When the customer’s not always right
“The arrogance of success is to think that what we did yesterday is good enough for tomorrow.” — Rev. William Pollard
Greater Charleston’s hospitality industry is riding high and mighty just now with its “best of this” and “best of that” distinctions and achievements.
And that’s a very good thing for the public. The folks who own and operate this world- class travel services industry are not just burnishing the bucket-list reputation of the Holy City and its portfolio of “hospitality,” they’re running an economic engine.
Make that a strategically important “economic engine.”
And we the public should stop and think and appreciate this industry more than we do. It’s a structured ragout of large and small businesses, all risk-taking and profit-seeking and employing thousands of mostly well-trained and thoughtful folks.
More importantly, it’s Greater Charleston’s face to the traveling world. And now at the top of its game, it faces its biggest challenge — performing to the very zenith of standards it has set for itself, the standards of being proclaimed “best in the world.”
Growing from the top is surely a risky proposition in the hospitality business. So it is sitting statistically on the tipping point of its laurels.
Charleston’s streets are flooded with visitors and this “world’s best” reputation is a constant test. The best simply must be the best, right? A slip-up here or there can blemish the experience of a traveler with fair expectations for an exceptional world class visit.
So, our soaring hospitality industry must be in a constant gut-check mode, measuring its performance, confecting new ways to stay at the top. Or put another way, there’s a fine and slippery line between zenith and nadir in the demanding businesses of hotels and restaurants.
Charleston Restaurant Week now under way encourages us locals to experience many of these “world class” restaurants. It should be a time when the restaurateurs embrace us locals as “family” critics.
And most do.
The broad brush summary: It’s hard to find anything really wrong with the quality of food and service in Charleston’s upscale restaurants. But judging the very best can bring attention to small details, particularly among Charlestonians, native and otherwise, who have traveled the world and have completed their own bucket list of the world’s best restaurants.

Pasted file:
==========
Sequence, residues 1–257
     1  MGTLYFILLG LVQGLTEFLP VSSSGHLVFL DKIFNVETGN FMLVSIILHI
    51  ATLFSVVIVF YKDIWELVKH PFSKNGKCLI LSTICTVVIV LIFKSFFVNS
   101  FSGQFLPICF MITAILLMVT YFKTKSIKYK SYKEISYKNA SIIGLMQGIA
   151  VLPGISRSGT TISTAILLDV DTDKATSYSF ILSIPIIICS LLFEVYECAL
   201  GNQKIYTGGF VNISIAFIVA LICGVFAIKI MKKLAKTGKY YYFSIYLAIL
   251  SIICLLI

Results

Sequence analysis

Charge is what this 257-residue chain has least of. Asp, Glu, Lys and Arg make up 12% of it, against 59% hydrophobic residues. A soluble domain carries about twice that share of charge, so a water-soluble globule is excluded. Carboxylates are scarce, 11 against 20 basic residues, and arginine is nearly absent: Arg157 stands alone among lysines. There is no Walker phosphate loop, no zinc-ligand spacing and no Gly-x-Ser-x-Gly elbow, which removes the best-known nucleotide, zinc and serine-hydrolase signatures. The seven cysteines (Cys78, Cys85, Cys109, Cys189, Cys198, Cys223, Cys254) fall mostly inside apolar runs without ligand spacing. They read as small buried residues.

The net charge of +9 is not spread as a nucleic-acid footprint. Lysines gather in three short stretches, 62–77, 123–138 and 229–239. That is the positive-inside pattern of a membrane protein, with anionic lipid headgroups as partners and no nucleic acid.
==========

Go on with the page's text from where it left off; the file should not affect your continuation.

One small detail one evening last week was the crust on a bread pudding dessert at one of Charleston’s very best restaurants. The customers were my neighbors, both retired and intrepid world travelers. He’s a retired New York fire chief who considered this upscale Charleston restaurant one of his favorites.
It was about to be a perfect Restaurant Week dining experience. Food was great; service was attentive, helpful, empathetic, never hovering. With the checks paid and three happy couples about to leave the table, the co-owner, a young man of uninterrupted unctuosity, asked for comments. Clearly he expected a perfect grade, and I gave him just that.
My friend, the retired fire chief, gave high grades, too, but he suggested that the crust on his favorite desert was just a bit thicker than it usually is. It was constructive commentary on slight — very slight — deviations on “perfect.”
And then the conversation became hard to watch.
The smarmy co-owner suddenly became defensive and confrontational. No other customer had complained about the bread pudding crust, the co-owner challenged as the chief and his wife, with alarm on their faces, tried to retreat. His point — intended or not — was that any problem was not the restaurant’s failures to perfect the pudding crust, but the chief’s inability to appreciate the perfection of the restaurant.
It was a double bowl of arrogance served on a plate of hubris.
The young co-owner should have heard what I heard riding home. He might have lost two loyal patrons; he surely ignited two detractors who will now proclaim that this upscale restaurant has an arrogance problem. Losing customers because of bad food or poor service is one thing, losing them because of prideful arrogance is simply sad.
We could rationalize that a bit of arrogance is a good thing for world-class establishments. Maybe so, but it should never extend to a loss of respect for customers.
That is simply unbecoming of the “world’s best,” right?
Surely, there are scores of constructive local critiques of the Greater Charleston hospitality industry, especially during “Restaurant Week.” The world’s best destination industry — with some humility — should consider every one of them.
My friend, the chief has promised he will consider my invitation to give his former favorite restaurant another try. I want to sample that crusty bread pudding — and win my bet that young co-owner will be having a better and less-arrogant day.
Ron Brinson is a former associate editor of this newspaper. He can be reached at email@example.com.